10 Ways to Save Money After GraduationNovember 5, 2019
Last Updated on January 5, 2021
If you’re just graduating from college, the job market is an unfriendly one. It seems like every job post wants 5 years of experience, a Master’s degree, and pays just $28,000/year. As if you don’t have enough to worry about, you can’t seem to get away from the advice about saving for retirement and the value of buying a house over renting. How are you supposed to do either on a $28,000 salary and a bucket of student loans that coast at least that much? You have to get creative with your savings. To kickstart your thinking, here is ELFI’s list of 10 creative ways to save money after graduation.
When it comes to saving money after graduation, there are two methods: save more of what you make and decrease spending. Find what works for you based on your bills and habits. Also, don’t feel like you have to follow all 10 tips. Implementing even one of these tricks for saving money after graduation can help you be more financially savvy.
1. Use Direct Deposit to Save 10%
Direct deposit isn’t just for eliminating a paper paycheck. It can also be your best friend for saving money after graduation if you request to have your employer automatically send 10% of every paycheck to a separate savings account. On that $28,000 salary, you could save $2,800 a year, which is only about $110 per paycheck. If you set this up as soon as you start that first job, you will never miss the extra money. If you already have a job, it’s never too late to set up a “rainy day” fund.
2. Install “Round-Up” Apps
The same way your grocery store clerk asks you to round up to the nearest dollar for charity, you can use round-up platforms like Acorns to set aside leftover change from purchases you make. With the Acorns debit card, the spare change from each purchase is placed in an investment account of your choosing. And when you shop via the Acorns app or Chrome Extension at 350+ retail partners, a percentage of your total purchase is contributed toward your investment accounts.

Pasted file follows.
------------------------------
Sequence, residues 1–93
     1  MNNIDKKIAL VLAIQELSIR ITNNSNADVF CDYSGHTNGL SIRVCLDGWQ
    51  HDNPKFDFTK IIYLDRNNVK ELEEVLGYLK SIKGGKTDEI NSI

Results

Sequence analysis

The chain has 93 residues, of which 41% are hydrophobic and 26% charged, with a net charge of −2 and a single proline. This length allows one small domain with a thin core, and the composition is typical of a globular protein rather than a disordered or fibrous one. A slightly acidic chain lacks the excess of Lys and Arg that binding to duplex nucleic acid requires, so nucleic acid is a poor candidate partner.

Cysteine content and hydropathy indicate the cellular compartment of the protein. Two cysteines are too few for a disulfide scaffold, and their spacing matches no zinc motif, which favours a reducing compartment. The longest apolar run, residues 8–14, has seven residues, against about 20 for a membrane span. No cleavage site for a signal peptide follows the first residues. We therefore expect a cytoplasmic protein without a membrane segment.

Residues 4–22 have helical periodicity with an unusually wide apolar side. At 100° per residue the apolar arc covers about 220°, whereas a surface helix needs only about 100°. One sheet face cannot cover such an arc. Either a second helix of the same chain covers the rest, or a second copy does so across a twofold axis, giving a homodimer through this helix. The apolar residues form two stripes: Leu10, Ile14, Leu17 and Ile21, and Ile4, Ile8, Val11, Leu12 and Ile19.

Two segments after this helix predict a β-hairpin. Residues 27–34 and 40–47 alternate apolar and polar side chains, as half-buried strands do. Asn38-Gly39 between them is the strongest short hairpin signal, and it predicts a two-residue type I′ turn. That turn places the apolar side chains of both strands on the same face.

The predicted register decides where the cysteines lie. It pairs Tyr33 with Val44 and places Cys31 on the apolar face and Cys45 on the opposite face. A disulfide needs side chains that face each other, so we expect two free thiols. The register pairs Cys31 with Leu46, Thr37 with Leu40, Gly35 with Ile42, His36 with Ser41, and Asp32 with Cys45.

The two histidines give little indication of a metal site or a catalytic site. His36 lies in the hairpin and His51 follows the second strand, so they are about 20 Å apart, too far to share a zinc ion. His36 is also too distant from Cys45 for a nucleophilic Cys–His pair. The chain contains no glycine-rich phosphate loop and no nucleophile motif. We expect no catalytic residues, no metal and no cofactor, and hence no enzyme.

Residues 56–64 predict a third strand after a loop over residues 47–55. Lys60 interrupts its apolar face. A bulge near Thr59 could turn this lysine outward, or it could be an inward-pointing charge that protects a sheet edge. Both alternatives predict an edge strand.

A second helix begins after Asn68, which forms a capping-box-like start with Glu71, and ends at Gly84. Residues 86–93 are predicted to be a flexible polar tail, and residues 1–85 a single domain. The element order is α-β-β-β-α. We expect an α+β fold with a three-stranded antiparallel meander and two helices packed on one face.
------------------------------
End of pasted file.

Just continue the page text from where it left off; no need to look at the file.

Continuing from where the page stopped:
3. Negotiate Bills & Eliminate Unused Subscriptions
You likely have a dozen or more automatic monthly payments coming out of your checking account or linked to a credit card. Some banks or apps like Truebill and Trim can help you find and cancel subscriptions that are unused or that you forgot you signed up for in the first place. These apps can also help you negotiate some services like your cable and internet or even your cell phone bill to help you get lower monthly rates.
4. Make New Rules for Eating Out
From coffee runs and grab-and-go lunches to happy hours and GrubHub deliveries, millennials eat out an average of five times a week. If you can eliminate just one of these outings, you can save a minimum of $5/week (that’s $260/year). Try setting unwritten rules for yourself—or if you’re a “write down your goals” person, use a dry erase marker and your bathroom mirror. Try rules like only eating out only on Fridays and Saturdays. Or only eating out only with friends. You can even make weekly cash-only envelopes, and when you’ve run out of dollars, you have to eat in for the rest of the week.